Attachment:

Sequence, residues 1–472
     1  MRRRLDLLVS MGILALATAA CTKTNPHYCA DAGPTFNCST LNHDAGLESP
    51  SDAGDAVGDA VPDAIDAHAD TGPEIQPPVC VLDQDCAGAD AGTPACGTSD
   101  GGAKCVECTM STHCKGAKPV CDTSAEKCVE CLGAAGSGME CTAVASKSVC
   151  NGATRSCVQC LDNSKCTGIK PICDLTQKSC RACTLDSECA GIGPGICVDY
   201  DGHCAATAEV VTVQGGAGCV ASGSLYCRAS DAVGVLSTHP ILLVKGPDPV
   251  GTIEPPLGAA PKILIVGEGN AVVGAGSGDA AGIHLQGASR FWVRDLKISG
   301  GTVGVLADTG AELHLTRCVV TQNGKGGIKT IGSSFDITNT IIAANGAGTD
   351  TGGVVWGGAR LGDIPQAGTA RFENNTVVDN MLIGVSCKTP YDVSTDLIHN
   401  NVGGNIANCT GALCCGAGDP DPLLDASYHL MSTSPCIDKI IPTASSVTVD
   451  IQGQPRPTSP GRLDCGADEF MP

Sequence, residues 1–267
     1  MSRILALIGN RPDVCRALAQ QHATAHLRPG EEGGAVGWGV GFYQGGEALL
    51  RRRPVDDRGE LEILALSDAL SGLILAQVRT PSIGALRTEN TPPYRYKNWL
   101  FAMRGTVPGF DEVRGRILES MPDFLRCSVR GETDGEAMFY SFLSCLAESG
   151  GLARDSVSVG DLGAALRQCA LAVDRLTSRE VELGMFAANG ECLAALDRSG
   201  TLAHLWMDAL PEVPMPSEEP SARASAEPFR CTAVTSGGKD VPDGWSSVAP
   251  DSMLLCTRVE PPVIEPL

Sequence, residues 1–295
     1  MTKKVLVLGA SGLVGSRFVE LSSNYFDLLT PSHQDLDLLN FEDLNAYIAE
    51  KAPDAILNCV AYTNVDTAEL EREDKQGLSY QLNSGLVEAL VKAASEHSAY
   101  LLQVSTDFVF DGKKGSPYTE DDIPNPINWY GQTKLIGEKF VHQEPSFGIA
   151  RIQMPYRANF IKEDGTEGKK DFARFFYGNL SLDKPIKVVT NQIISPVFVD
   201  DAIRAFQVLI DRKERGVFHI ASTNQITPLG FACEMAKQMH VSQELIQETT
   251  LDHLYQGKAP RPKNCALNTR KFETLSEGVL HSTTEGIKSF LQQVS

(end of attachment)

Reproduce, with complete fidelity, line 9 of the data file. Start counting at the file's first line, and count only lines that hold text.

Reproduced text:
   351  TGGVVWGGAR LGDIPQAGTA RFENNTVVDN MLIGVSCKTP YDVSTDLIHN